Skip to main content
Monthly Archives: December 2021

Food Prices and Inflation in a Post-Pandemic Economy

food prices go up again.jpeg

In the aftermath of the 2020 global pandemic, inflation has swept across economies worldwide. While economists expected the consumer price index in the United States to rise 5.9% in the past year, it has instead risen 6.2%. This rapid rise in rates is creating a notable impact on food prices. High prices are affecting market sales and charity operations. Responses to the market inflation may either alleviate or aggravate long-term effects on the post-pandemic economy.

Inflation in the face of a post-pandemic market is not unexpected. It is easy to observe this pattern in separate events throughout history. Based on observations in Europe, there is expected inflation after a pandemic, and a deep recession quickly follows. Typically, the trend inflation is the beginning of the long recovery for the economy. However, throughout the COVID-19 pandemic, policymakers worldwide were heavily involved in curbing harmful effects on the economy. Stimulus policies regarding layoffs and rent accommodations may have softened the inevitable economic backlash.

However, many Latin American countries are feeling the effects of the global inflation in the stomachs of their citizens. Rises in food prices by 30% in some areas have left families with even more complicated monetary decisions than they faced before the pandemic. For individuals like Miguelina Espindola, the difference in food affordability has impacted her ability to buy necessary materials to treat her diabetes. Increasing desperation as citizens try to provide food for their families has resulted in spats of violence in some communities. Food prices are estimated to be the highest in a decade. These food prices impacted by inflation, in turn, have raised inflation.

Central banks throughout the Latin American region have reported inflation rates being well above the target rate. Both Brazil and Chile have reported dramatic increases in interest rates that have surpassed all other increases in their respective country within the past two decades. Economists have speculated that these reactions will have long-lasting impacts on the region. From experiences shared by individuals in countries such as Brazil, Chile, Mexico, and Peru, the pandemic has changed the job market within the region as well. Changes within the job market, such as fewer job opportunities due to COVID-19 related deaths, have made it difficult for many families to keep up with the rising prices around them. As work opportunities have decreased ability to provide supplies, the demand for those supplies has only continued to rise.

In the United States, food prices affect how charity organizations and food banks can distribute goods. Due to higher expenses to feed communities, Americans have a greater need for food banks' supplies. However, even food banks have difficulty obtaining the necessary supplies to provide for their patrons. Many food banks are dependent on donations from retailers, but the price increase has led to a decrease in available food. Meat has become increasingly scarce in food banks. Even those supplies not dependent on donations are widely considered out of reach, as the food banks do not have the means to obtain them.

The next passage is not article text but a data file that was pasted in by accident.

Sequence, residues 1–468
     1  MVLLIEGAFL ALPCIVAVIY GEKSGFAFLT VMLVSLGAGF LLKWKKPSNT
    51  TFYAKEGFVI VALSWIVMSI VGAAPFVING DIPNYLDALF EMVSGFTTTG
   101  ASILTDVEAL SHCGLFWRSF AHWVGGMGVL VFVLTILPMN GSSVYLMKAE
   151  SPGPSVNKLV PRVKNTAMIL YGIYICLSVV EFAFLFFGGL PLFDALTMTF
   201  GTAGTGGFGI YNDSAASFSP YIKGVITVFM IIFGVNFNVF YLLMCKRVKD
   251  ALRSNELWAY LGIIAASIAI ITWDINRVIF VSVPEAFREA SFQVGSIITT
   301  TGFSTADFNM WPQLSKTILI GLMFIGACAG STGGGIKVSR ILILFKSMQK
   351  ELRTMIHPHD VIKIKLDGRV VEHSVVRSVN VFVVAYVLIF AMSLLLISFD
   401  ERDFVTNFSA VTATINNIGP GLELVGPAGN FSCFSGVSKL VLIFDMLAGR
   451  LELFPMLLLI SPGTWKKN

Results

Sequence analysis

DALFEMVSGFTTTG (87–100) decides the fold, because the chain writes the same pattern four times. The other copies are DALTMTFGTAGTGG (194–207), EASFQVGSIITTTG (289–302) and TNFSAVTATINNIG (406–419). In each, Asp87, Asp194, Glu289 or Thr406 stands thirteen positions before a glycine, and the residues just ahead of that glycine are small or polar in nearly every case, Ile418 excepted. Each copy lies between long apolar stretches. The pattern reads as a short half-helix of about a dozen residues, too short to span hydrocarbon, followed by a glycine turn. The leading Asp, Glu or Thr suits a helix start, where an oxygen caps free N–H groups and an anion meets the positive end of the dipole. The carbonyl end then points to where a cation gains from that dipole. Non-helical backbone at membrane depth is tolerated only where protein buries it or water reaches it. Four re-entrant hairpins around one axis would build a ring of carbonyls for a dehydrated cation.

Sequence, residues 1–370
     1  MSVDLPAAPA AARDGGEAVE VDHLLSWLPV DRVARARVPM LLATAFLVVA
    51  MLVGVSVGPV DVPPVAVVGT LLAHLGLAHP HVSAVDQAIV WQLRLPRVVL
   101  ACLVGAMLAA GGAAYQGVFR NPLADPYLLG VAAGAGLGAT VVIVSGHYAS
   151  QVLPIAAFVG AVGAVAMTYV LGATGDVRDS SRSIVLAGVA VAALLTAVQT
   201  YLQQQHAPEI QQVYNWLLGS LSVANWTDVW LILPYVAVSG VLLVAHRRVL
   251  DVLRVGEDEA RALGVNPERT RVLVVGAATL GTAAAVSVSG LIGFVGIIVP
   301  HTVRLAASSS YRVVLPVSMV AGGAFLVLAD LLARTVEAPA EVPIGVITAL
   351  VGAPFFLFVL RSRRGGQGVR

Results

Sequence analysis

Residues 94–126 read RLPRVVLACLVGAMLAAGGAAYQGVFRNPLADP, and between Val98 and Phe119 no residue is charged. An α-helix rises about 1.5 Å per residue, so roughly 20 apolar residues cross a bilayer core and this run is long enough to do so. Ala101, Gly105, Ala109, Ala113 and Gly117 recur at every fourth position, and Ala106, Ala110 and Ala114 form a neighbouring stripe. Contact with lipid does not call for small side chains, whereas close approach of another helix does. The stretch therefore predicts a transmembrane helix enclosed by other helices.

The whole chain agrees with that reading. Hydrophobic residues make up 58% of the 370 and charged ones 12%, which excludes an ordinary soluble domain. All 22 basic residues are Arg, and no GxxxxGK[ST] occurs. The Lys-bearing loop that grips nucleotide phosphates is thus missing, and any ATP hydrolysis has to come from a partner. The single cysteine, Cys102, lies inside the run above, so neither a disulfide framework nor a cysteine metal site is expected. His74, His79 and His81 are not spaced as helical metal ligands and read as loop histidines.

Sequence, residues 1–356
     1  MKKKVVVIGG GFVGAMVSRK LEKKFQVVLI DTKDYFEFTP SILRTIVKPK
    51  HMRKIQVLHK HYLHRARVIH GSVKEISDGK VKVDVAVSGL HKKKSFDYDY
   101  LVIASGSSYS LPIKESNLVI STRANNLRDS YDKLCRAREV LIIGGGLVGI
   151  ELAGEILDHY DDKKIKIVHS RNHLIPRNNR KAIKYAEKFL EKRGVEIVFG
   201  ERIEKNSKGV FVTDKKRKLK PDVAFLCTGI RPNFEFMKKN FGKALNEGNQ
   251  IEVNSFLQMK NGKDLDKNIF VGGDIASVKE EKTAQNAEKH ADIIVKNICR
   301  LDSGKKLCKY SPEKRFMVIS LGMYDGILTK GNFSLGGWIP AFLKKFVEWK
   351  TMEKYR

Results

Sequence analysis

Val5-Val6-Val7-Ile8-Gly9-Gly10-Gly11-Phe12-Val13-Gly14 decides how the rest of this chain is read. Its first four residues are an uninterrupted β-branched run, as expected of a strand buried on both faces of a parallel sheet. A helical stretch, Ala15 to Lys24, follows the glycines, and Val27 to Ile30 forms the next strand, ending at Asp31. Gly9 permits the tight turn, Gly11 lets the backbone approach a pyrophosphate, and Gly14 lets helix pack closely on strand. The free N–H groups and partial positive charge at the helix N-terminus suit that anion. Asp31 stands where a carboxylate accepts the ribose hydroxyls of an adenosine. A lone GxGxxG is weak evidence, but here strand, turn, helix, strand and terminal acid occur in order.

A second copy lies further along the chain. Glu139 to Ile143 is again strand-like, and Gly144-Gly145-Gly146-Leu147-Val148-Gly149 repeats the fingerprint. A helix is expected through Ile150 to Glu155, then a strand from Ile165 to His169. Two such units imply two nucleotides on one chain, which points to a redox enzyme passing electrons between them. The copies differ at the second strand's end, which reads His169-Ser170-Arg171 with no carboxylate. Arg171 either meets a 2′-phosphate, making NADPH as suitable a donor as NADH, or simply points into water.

President Joe Biden has proposed spending programs and tax adjustments equating up to $1.85 trillion to offset the dramatic inflation rate. However, there has been some debate amongst economists as to whether this would create the intended effect. While there seems to be agreement that the plan would be beneficial in the long run, there are unanswered questions that may impact inflation rates for 2022. Some economists have expressed concern about adjusting an already record-breaking change in inflation. Others are confident that any effect from the proposed solution would be minor.

Additionally, there has been concern about this solution because of rapid change already present in the economy. Companies struggle to have an adequate number of workers return to the workforce. By September of 2020, there were an estimated 2.2 million fewer women alone in the workforce than before the pandemic. However, demand has not adjusted to the change in labor supply, putting companies in tight spots for production. This problem is similar to the supply and demand complications discussed earlier in the Latin American region. These issues have caused some economists to question whether it is an appropriate time to make further adjustments or if it would be more beneficial to wait for prices to settle before making any more changes.

Success for stabilizing inflation is partially dependent on a few unpredictable factors. For the process to begin, the plan would need to pass Congress. At the time being, there is the uncertainty of this solution being able to pass Congress with the necessary support quickly. However, the timing of this solution's implementation could play a factor in both short-term and long-term results. Perhaps the most unpredictable factor is the reaction of the public. How these spending programs and tax cuts are received may change the spending habits of the general population.

A consistent in every nation is the demand for food. So, it is up to policymakers to determine if further economic stimulus would serve food prices or aggravate the issue. While the fast and hearty responses to complications due to the pandemic may have curbed some negative impacts that could have been, the economy still requires vigilant efforts to maintain affordable prices for the population it affects.